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Air National Guard unit commander talks restart of drone operations following Nov. 12 crash


As the 174th Attack Wing restarted its MQ-9 Reaper flight operations this week, the unit’s commander vouched for the safety of the unmanned aircraft.

“I am personally very confident in the safety of this airplane, and I’m very confident in the pilots, essential operators and air crews and maintainers that operate it,” said Col. Greg A. Semmel.

The unit’s Reapers had been grounded since one of the drones crashed Nov. 12 in Lake Ontario. Col. Semmel said that the plan since then had been to return to flying operations. The unit has eight remaining Reapers.

“We wouldn’t have done that unless we were assured we could do it safely,” he said.

The New York Air National Guard unit commander spoke to members of the media Wednesday afternoon from the unit’s headquarters at Hancock Field Air National Guard Base, near Syracuse.

The downed MQ-9 Reaper has not been found in the frigid waters of Lake Ontario, as active duty Air Force and Navy units continue planning for a more thorough investigation and salvage effort. Though the full aircraft has not been found, Col. Semmel said that a “significant” number of pieces have been located through shoreline searches, and that the pieces could help reconstruct the crash.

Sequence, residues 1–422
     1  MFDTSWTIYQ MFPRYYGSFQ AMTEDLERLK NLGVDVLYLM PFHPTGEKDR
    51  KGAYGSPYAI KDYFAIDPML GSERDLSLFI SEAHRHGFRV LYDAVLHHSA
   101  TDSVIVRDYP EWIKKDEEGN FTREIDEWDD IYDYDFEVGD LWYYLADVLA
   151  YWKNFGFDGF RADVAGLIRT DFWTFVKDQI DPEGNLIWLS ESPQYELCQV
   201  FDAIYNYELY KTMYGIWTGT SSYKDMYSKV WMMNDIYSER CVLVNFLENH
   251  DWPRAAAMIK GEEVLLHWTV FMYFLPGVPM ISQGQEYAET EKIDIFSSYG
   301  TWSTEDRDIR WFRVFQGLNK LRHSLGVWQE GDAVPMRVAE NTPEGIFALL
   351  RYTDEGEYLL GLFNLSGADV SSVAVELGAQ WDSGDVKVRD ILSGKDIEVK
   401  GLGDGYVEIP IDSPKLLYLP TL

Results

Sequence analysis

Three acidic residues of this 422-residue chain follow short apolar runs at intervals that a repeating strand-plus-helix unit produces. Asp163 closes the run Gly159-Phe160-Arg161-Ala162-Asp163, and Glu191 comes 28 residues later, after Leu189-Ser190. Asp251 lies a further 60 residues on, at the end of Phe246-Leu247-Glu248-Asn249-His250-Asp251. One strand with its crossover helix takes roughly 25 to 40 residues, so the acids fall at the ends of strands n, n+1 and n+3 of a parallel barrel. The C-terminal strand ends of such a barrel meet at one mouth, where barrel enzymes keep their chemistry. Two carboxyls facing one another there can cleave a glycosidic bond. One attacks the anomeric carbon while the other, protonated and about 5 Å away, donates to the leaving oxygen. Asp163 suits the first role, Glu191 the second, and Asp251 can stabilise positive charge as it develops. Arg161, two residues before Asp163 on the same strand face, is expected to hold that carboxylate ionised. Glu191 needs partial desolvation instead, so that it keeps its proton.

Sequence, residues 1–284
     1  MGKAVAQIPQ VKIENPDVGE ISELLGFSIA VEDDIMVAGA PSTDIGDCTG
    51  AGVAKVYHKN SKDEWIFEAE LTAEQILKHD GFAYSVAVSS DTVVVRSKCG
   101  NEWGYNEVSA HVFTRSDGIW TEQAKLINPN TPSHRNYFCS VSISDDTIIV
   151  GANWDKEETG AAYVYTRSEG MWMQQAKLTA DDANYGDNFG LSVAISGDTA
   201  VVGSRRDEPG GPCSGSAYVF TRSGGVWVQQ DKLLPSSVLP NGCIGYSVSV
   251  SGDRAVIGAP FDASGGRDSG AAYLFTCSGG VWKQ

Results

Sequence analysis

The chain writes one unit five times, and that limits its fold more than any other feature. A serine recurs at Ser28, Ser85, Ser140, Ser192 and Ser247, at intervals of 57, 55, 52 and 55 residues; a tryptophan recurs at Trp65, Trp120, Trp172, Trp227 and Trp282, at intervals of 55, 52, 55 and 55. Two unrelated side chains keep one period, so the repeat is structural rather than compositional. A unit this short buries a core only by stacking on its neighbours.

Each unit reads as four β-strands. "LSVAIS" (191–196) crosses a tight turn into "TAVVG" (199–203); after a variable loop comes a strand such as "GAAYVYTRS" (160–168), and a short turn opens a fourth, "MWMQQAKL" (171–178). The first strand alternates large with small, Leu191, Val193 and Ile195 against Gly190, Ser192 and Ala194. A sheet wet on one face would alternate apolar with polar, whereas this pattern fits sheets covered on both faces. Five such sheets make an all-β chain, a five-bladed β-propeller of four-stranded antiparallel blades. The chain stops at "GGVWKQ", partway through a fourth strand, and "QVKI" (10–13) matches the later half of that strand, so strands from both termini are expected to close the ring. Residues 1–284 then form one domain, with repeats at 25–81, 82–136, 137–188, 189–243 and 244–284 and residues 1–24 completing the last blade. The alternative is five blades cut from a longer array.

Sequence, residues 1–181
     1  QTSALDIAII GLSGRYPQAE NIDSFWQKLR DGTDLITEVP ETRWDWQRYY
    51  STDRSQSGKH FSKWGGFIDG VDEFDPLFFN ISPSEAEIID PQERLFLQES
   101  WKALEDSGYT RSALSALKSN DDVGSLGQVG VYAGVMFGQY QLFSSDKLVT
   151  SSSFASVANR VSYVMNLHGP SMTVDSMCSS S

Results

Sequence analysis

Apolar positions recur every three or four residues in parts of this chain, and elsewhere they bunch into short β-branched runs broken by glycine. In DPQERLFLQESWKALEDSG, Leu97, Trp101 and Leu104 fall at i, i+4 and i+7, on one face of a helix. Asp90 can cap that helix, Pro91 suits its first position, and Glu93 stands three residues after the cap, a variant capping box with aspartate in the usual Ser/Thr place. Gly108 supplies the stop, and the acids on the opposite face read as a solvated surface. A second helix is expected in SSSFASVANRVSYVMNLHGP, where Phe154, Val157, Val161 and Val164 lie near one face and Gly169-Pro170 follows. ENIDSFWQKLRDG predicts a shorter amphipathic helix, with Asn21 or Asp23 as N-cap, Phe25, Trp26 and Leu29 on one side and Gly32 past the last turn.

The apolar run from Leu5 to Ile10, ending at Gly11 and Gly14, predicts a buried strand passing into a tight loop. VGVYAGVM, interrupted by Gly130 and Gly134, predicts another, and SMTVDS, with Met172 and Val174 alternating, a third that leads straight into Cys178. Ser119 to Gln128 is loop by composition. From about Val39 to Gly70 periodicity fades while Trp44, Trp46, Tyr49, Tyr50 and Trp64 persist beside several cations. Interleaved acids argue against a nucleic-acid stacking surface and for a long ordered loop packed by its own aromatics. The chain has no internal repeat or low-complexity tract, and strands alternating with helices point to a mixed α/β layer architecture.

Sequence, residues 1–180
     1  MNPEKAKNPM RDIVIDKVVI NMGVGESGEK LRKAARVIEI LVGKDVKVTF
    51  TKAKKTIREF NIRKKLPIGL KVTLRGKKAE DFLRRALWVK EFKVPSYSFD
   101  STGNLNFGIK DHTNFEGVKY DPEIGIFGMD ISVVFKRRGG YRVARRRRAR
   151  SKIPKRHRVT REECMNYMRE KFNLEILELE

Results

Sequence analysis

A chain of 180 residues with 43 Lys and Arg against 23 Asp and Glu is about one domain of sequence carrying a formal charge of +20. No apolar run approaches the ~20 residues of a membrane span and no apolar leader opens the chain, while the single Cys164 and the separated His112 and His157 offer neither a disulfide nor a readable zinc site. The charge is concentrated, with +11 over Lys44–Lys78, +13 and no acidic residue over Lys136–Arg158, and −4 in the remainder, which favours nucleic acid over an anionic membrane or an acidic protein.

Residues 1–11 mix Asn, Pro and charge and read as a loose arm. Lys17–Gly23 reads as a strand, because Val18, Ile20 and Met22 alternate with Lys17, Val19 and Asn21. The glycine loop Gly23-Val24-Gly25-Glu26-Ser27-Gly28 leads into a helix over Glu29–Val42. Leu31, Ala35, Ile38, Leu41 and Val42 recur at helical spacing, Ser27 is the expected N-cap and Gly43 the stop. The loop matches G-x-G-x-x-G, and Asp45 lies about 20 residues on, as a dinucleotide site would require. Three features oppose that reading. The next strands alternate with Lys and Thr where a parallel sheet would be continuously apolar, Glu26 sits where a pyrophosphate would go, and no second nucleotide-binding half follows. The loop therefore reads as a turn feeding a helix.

The crash took place about 12 miles from the lake’s eastern shore and 35 miles from Fort Drum’s Wheeler-Sack Army Airfield, where it took off. The aircraft was traveling in approved airspace during a routine training exercise at the time of the crash.

Col. Semmel said that the incident was considered a Class A crash, meaning an internal Air Force Safety Investigation Board will have 30 days to complete an internal report about the crash. A second investigation board will create a publicly released report in approximately three to six months.

In the meantime, Col. Semmel said, he was not aware of any personnel changes that had resulted from the crash, as that would be a part of the safety board’s review.

The commander said that any decision about modifications to the aircraft, such as the placement of a Global Positioning System on the aircraft, would come from different Air Force leadership, also pending the recommendations of the internal safety board.

There has been no effort to find any fuel lost from the aircraft, Col. Semmel said, and he could not say how much was on the aircraft at the time of the crash. The aircraft had no classified information on board.

Though Col. Semmel first estimated the Reaper’s cost at $4 million to $5 million, General Atomics, the company that makes the Reaper, told the Associated Press the drone’s cost starts at $10 million.

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